For Australian mythology, we used the story of Crow Steals Fire, broke it down into plot points, and rewrote it in my son's words using his illustrations. He enjoyed retelling the story and sewing the book, so we'll be doing more booklet projects in the future!

Have fun!

Saturday, January 14, 2017

Get Messy With Quicksand!

Need a messy science experiment / sensory play for those cold days? We've got you covered...


Let's be real, here. It was MESSY.

It doesn't get more real than a photo of our house...

My kids asked me about quicksand and animals dying in quicksand. I'm pretty sure this is related to their obsession with dinosaurs, since at the time they were smashing tiny dinos into play dough.

First, we read How Quicksand Works together. I found it perfect for their age.

This Myth Busters video is also neat although it has a little language.

Next, we had fun with two cornstarch recipes. First, if you add just enough cornstarch (1/2c to 1c water), you make oobleck, a non-neutonian liquid. This link explains more what that means, but basically, it acts like a liquid and like a solid. If you punch it, it acts like a solid, but it will also ooze off of your hands like a liquid.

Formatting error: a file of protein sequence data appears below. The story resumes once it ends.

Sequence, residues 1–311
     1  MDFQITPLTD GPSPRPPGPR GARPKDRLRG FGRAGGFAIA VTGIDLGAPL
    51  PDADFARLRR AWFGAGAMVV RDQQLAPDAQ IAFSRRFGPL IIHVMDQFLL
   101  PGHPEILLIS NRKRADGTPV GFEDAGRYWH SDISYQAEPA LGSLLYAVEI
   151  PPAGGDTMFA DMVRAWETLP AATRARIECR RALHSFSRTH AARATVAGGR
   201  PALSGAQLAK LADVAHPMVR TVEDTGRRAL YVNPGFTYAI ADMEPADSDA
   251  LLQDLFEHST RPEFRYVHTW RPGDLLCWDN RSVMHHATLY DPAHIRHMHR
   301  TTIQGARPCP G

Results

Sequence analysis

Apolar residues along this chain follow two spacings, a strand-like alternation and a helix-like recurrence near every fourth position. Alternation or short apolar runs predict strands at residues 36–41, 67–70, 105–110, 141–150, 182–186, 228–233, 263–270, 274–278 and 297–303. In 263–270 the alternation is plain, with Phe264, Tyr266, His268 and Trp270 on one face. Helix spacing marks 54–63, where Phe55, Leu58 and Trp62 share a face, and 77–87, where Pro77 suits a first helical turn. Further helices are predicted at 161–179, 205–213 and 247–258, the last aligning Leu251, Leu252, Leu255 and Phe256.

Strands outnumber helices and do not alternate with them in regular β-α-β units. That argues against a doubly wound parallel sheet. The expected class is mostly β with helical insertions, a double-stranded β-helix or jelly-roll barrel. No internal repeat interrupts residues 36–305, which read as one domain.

Add a little more water and you make a kind of quicksand. A total of 3/4c cornstarch to 1c water will do the trick. (So, if you started with 1/2c cornstarch, add 1/4c more). Now is the time to drown your tiny animals. Ours come from the science museum, birthday parties, and other random places. Actual rocks work even better because they are heavier.

Finally, to satisfy their dinosaur fixation, I read and told them about Utah's Dinosaur Deathtrap.

Bye, bye, tiny dinos!

Sunday, January 1, 2017

For fun: Dragonbreath #1 by Ursula Vernon

We've been loving the Hamster Princess series by Ursula Vernon and so picked up this series as well:

Dragonbreath #1 by Ursula Vernon:

Danny Dragonbreath can't breathe fire, but he has no fear. And that comes in handy when a bad grade at school inspires him to enlist his cousin the sea-serpent's help with a research project. Using a hybrid of comic-book panels and text, Ursula Vernon introduces an irresistible set of characters that will have readers laughing until smoke comes out of their noses!